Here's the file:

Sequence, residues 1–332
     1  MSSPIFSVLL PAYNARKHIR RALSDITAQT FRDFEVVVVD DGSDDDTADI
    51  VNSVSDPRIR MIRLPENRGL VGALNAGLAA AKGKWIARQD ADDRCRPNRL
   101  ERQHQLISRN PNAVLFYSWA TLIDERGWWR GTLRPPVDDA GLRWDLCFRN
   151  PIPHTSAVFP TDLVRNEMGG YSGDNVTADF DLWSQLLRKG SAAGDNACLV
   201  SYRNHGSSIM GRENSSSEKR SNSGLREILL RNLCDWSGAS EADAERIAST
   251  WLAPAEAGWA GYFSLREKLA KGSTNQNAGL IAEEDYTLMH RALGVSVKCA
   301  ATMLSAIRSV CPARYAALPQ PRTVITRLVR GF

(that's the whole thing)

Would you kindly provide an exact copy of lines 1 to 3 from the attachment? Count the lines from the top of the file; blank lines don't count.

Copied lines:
Sequence, residues 1–332
     1  MSSPIFSVLL PAYNARKHIR RALSDITAQT FRDFEVVVVD DGSDDDTADI
    51  VNSVSDPRIR MIRLPENRGL VGALNAGLAA AKGKWIARQD ADDRCRPNRL